Go to the farmers’ market or a grocery store these days, and you’ll see an abundance of perfectly ripe vegetables. Right now is, of course, the height of the summer growing season. But once you’ve had your fill of eating vegetables, you should try drinking them. (Don’t worry, we’re not talking about blending up a health-food shake.)
While countless cocktails call for fresh fruit or fruit juice, bartenders are now routinely crossing the produce aisle in search of vegetables to give their drinks more savory notes. The veggies can be muddled, juiced or even pickled for garnishes.
Cool, refreshing cucumber has become an increasingly popular ingredient in all types of drinks (not to mention a key flavor in the Scottish Hendrick’s Gin). It works really well paired with fresh, sweet celery and organic vodka in the Celery Cup No. 1, created by H. Joseph Ehrmann, a Liquor.com advisor and owner of famed San Francisco bar Elixir.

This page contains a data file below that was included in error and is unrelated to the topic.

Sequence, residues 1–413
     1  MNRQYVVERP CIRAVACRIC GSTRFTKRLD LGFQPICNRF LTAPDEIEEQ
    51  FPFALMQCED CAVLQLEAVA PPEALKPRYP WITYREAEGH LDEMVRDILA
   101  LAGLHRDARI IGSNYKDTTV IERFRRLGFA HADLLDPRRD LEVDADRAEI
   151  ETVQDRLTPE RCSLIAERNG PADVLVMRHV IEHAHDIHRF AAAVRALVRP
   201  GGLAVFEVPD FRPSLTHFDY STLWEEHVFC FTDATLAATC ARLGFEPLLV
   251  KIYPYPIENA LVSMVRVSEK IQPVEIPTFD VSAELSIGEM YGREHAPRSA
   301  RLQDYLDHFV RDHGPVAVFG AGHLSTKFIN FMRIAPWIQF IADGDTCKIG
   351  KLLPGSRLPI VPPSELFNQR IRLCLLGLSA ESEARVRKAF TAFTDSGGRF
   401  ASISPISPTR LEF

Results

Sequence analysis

Whether you’re making a Bloody Mary, a Caesar or a Red Snapper, tomato juice is a bar staple. But with delicious fresh tomatoes so readily available, it seems a shame to open a can or bottle. Allen Katz, Liquor.com advisor and Director of Mixology & Spirits Education for Southern Wine & Spirits of New York, suggests you muddle halved cherry tomatoes instead. (Slices of larger tomatoes will work as well but are definitely messier.) Mix up a round of his spicy Fresh Red Snappers while you savor the last few weeks of summer.
In a shaker, muddle the cucumber, celery, cilantro and lemon juice to a pulp. Add the vodka, agave nectar and Pimm’s, and fill with ice. Shake hard for 10 seconds and strain into a tall glass filled with fresh ice. Garnish with a leafy celery stalk from the heart.
Cut the tomatoes in half, add them to a shaker and muddle. Add the gin, lemon juice, Tabasco and Worcestershire and fill with ice. Shake, and strain into a Collins glass filled with fresh ice. Dust lightly with pepper and celery salt to taste. Garnish with a cherry tomato on a cocktail pick.